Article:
Understanding light is an important part of photography, but do you really know why? Though it’s sometimes more associated with portraiture and studio work, light is a critical part of any type of photography—particularly when it comes to landscapes.
Professional photographer Stephan Fürnrohr, who is known for his aerial and nature photography, counts light as the number one most important element in landscape photography. Why? For him, there’s nothing more essential in setting both the mood of the photograph, as well as the technical parameters needed to capture the image.
Light can take an image to new heights and inspire creative ideas. As photographers, learning to adapt to what’s in front of you is critical and Fürnrohr proves this with a set of four photos of an iceberg. Taken over the course of several days, the photographs clearly show how different lighting can completely transform the outcome of the final image.
Interestingly, Fürnrohr didn’t set out to photograph the same section of the iceberg multiple times. It was only once he was home that he realized he’d done so, as the lighting conditions were so different. You can read extensively about Fürnrohr’s thoughts on lighting on his blog, but read on to get some of his professional tips about light in landscape photography.
What do you think is people’s biggest misconception about how light can change a photograph?
People tend to distinguish between “good” and “bad” light, whereas “good” light means something like postcard-like colorful sunsets and “bad” light refers to the diffuse lighting produced by the overcast sky on dull and cloudy days. But there’s no such thing.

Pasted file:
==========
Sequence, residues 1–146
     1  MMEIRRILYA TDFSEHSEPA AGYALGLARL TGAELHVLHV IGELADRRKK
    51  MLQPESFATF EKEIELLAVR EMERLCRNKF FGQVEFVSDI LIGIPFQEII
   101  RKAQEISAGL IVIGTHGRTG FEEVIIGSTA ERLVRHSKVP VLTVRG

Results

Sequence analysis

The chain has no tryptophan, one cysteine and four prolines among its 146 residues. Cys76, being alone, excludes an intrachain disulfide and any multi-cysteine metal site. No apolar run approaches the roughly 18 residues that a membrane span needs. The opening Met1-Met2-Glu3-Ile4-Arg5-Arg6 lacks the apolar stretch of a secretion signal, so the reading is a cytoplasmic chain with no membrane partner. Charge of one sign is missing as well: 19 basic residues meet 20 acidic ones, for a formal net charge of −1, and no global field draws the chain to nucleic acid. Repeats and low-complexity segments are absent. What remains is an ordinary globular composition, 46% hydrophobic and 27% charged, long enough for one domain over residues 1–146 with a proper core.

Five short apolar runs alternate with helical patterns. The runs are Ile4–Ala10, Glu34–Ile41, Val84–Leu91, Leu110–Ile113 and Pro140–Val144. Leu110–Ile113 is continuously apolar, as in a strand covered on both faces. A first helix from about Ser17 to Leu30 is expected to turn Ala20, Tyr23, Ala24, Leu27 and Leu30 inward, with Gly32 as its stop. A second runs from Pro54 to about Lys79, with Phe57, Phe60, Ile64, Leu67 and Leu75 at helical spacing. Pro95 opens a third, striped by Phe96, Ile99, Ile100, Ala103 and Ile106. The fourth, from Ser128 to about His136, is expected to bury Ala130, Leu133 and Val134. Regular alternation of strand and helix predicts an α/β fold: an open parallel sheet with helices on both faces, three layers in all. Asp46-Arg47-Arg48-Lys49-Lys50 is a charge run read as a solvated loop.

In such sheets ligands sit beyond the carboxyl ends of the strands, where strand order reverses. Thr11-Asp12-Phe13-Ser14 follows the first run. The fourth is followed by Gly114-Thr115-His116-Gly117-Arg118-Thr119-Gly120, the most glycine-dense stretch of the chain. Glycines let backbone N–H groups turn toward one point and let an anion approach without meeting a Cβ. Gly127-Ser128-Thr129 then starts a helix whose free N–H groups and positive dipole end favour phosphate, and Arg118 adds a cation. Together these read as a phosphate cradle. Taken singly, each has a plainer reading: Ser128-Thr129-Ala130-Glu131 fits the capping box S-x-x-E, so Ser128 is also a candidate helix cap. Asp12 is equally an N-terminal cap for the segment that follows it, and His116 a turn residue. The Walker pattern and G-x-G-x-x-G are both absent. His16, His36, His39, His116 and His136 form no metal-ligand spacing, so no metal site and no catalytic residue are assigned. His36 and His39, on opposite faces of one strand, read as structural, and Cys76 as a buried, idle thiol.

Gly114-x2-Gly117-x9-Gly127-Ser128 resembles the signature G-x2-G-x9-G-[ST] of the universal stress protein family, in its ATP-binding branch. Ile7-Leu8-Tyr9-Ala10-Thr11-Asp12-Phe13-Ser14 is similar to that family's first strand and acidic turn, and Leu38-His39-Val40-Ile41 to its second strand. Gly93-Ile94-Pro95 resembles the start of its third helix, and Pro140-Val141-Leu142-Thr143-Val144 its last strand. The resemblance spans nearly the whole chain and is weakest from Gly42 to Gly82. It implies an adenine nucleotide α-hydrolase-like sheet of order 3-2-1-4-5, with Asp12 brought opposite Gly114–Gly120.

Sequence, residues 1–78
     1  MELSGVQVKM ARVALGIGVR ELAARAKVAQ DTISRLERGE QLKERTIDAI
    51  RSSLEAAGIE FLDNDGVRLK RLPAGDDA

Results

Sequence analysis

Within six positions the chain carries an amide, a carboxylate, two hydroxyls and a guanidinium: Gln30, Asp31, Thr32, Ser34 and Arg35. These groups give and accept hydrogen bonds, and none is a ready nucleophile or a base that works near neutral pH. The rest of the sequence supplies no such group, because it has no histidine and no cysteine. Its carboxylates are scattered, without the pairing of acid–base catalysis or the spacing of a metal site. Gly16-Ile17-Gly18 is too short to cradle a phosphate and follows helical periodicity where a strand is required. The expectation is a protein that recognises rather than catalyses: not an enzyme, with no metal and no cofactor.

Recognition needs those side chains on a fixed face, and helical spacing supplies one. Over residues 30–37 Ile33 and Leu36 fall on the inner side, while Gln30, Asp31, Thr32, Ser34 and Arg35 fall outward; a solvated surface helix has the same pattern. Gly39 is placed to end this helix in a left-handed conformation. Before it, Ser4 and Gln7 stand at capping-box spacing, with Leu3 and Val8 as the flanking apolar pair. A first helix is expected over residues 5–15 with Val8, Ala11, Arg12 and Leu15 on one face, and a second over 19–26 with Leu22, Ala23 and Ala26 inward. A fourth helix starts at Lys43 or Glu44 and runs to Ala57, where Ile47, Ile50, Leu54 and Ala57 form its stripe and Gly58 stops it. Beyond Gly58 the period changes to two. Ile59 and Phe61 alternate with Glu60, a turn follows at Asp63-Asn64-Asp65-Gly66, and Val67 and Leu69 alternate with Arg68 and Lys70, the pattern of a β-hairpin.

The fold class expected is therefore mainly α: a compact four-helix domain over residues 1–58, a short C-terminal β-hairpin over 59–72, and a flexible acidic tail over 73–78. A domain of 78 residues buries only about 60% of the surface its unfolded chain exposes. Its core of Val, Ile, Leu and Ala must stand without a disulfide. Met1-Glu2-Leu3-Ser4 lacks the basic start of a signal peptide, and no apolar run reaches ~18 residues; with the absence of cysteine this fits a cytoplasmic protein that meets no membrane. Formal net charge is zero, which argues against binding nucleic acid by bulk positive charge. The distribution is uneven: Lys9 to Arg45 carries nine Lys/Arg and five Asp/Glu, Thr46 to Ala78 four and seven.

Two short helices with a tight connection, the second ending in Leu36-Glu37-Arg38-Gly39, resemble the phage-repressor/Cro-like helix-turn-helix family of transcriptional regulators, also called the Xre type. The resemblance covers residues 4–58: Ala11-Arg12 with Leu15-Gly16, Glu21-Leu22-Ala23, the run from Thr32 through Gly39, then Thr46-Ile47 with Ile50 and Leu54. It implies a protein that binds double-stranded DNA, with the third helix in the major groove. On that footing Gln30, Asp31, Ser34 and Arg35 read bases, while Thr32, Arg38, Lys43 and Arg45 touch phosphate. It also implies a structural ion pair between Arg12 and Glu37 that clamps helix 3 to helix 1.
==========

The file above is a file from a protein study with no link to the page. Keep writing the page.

The quality of light should always be evaluated in connection with the intended image effect. For example, if you want to take a photo with soft pastel colors, you don’t need what is often referred to as “hallelujah light.” In the case of a landscape photographer who has to get by with the light he finds in the field, this means either waiting or returning at a time when the light is more suited to his vision.
Alternatively, you can also remain flexible and adapt the choice of your motifs and the image composition to the actual lighting situation. In this case, there is rarely a reason to lament about the light.
What is your top tip for new landscape photographers when it comes to mastering light?
Especially in extreme lighting situations such as strong backlighting, the automatic exposure systems quickly get unreliable. Therefore, you should try to get a camera where you can choose exposure time and aperture completely manually. Then you should think about how the settings can affect the appearance of the light in the image and verify it by taking experimental pictures.
Vary aperture, time, and perspective and observe all changes in the image impression to develop a sense for the basic technical and creative possibilities of mastering light. And, most important—never stop experimenting!